Waffenfabrik steyr

Can anyone provide some background information on this rifle? On the left of the breech is a stamped symbol that looks like an inverted scientific female symbol. A circle with a touching cross on top at the o'clock position.

Outwardly it appears as an unaltered military piece. Externally, this rifle has definitely seen better days. Although it really shows its age with stock and metal surface wear. The lands seem in good condition and the crown is not worn or dinged-up. It was a gift and I was told that it was a Swiss mauser. Fixit up? Leave as is and shoot it? Use it for a tomatoe stake? Samchap Waldoboro, ME. Gil Martin. It was a gift and I was told that it was a Swiss Mauser. Remove Advertisements. M, No picture available.

I just thank God that I can get this far. Gil, I'll follow the link. I did read the other day that short rifle versions of the will converted with 2 groove barrels, and the long rifle version was converted using 4 groove barrels. Last edited by Sailormilan2; at PM. It cleaned up good and is a real shooter so I kept it as I bought 4 barreled receivers from Centerfire. I rebuilt the 4 groove to proper specs including the stock.

One 2 groove I rebuilt using a straight bolt, for my "Lefty' son. He finds it much easier to work a staight bolt when reaching up and over. The 4th didn't come with a triggergaurd. The charger clip slot were all modified so that American style 7. Last edited by Sailormilan2; at AM. I have the same model, and my question is I want to built this for my daughter in a Remington will the action hold the pressure from a 6 groove barrel.

I have been out of the game for a while rebuilding my own shop and I have not kept up barrel grooves. I know which twist rates, my preferred barrel makers I would like to go back to if the quality is there.

Steyr Arms

Last edited by mwilkerson; at PM. I don't know if you realize, you just bumped a ten year old thread! I'm no mathematician, just what I've read. As far as a 6 groove barrel, I'm not sure there is a significant jump in pressure?A Chilean Steyr Modelo Mauser rifle.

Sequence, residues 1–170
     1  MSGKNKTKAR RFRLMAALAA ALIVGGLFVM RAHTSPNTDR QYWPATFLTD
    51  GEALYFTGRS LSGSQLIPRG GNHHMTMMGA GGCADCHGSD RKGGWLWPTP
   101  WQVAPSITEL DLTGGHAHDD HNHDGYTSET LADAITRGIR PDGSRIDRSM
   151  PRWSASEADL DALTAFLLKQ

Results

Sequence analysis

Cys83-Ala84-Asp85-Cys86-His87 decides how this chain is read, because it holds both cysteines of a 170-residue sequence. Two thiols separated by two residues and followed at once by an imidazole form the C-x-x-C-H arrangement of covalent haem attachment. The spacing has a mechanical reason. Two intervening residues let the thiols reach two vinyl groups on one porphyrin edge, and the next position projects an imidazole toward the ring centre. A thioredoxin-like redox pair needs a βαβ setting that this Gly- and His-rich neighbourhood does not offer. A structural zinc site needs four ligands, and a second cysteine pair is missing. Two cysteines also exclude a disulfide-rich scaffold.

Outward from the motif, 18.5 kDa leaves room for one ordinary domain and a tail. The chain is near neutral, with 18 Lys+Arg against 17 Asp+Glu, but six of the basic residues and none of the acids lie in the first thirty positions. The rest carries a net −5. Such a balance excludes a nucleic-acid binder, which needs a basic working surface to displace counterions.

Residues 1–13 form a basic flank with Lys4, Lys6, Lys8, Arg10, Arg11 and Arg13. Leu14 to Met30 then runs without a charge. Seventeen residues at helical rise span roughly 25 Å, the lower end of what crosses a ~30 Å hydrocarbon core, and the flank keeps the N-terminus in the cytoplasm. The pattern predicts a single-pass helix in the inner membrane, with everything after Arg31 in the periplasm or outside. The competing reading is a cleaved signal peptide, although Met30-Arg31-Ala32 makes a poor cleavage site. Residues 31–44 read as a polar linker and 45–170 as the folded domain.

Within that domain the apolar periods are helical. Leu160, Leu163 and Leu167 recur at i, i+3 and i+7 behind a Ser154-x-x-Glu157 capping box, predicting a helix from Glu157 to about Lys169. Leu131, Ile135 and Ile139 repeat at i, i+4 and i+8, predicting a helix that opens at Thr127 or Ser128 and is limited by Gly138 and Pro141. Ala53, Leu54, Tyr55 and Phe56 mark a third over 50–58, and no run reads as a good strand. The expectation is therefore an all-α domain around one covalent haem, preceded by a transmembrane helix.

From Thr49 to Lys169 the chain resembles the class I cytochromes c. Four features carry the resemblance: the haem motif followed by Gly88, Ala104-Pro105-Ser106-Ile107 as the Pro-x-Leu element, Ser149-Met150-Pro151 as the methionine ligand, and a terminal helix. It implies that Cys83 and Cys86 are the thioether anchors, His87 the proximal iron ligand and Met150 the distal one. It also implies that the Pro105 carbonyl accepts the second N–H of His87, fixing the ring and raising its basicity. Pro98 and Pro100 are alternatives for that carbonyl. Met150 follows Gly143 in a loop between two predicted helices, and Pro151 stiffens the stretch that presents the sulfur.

A gorgeous rifle and an example of old-world quality. Photo: Francis Borek. Currently, we are still in the centenary of the First World War and in the past four years interest in this conflict has risen steadily. This has been helped in part by various forms of media piquing the interest of those who may not have been informed about this incredibly important historical event.

But with a rise in interest, so have we seen a rise in prices. It was once accepted that rifles of the First World War would be less-expensive than those of the Second; they were older, and had been rode harder for a longer period of time. No longer the case, there is still hope for the average shooter. Sort of. The military of the Republic of Chile has always had a bit of a Prussian slant. Even to this day, their parade uniforms include Stahlhelms and elite units still wear Pickelhauben.

Steyr Arms

Naturally their parade rifles are Mauser 98 and 95 rifles and their uniforms are often a spitting image for the German Army. The game-changing Mauser 98 bolt.

Note the large locking lugs and claw extractor. The Mauser was essentially an evolution of the epoch-making Spanish Model Chambered in the 7x57mm cartridge, the rifle and cartridge taught the US Army the importance of clip-loading high velocity cartridges in Cuba.

Boer commandos taught the British some hard earned lessons about marksmanship on the veldt of South Africa with the 7x57mm Model Mauser.

By however, the cock-on-closing Model was starting to appear a little outdated and Chile wanted a new rifle. For them the choice was simple: adopt what the Germans have, which was the famous Model Mauser. Indeed, the rifle that Chile adopted was essentially the same as this the Mauser — though with a few changes. It was dubbed the Modelo Stock disc that is used for unit markings.

Also shown is the quick-detach swivel. It dispensed with the complicated and expensive Lange-Vizier rear sight for a simple tangent sight.

The upper handguard also wrapped around the rear sight. Gone also were the grasping grooves on the stock as well as the stock washer for bolt disassembly.

Very wisely, Chile retained the 7x57mm cartridge. It had already proven itself to a be flat shooting cartridge with low recoil. But perhaps most importantly, Chile already had large stocks of the cartridge and would save money by retaining it.Can anyone provide some background information on this rifle?

On the left of the breech is a stamped symbol that looks like an inverted scientific female symbol. A circle with a touching cross on top at the o'clock position. Outwardly it appears as an unaltered military piece.

Externally, this rifle has definitely seen better days. Although it really shows its age with stock and metal surface wear. The lands seem in good condition and the crown is not worn or dinged-up. It was a gift and I was told that it was a Swiss mauser. Fixit up? Leave as is and shoot it? Use it for a tomatoe stake?

waffenfabrik steyr

Samchap Waldoboro, ME. It was a gift and I was told that it was a Swiss Mauser. M, No picture available. I just thank God that I can get this far. Gil, I'll follow the link. I did read the other day that short rifle versions of the will converted with 2 groove barrels, and the long rifle version was converted using 4 groove barrels.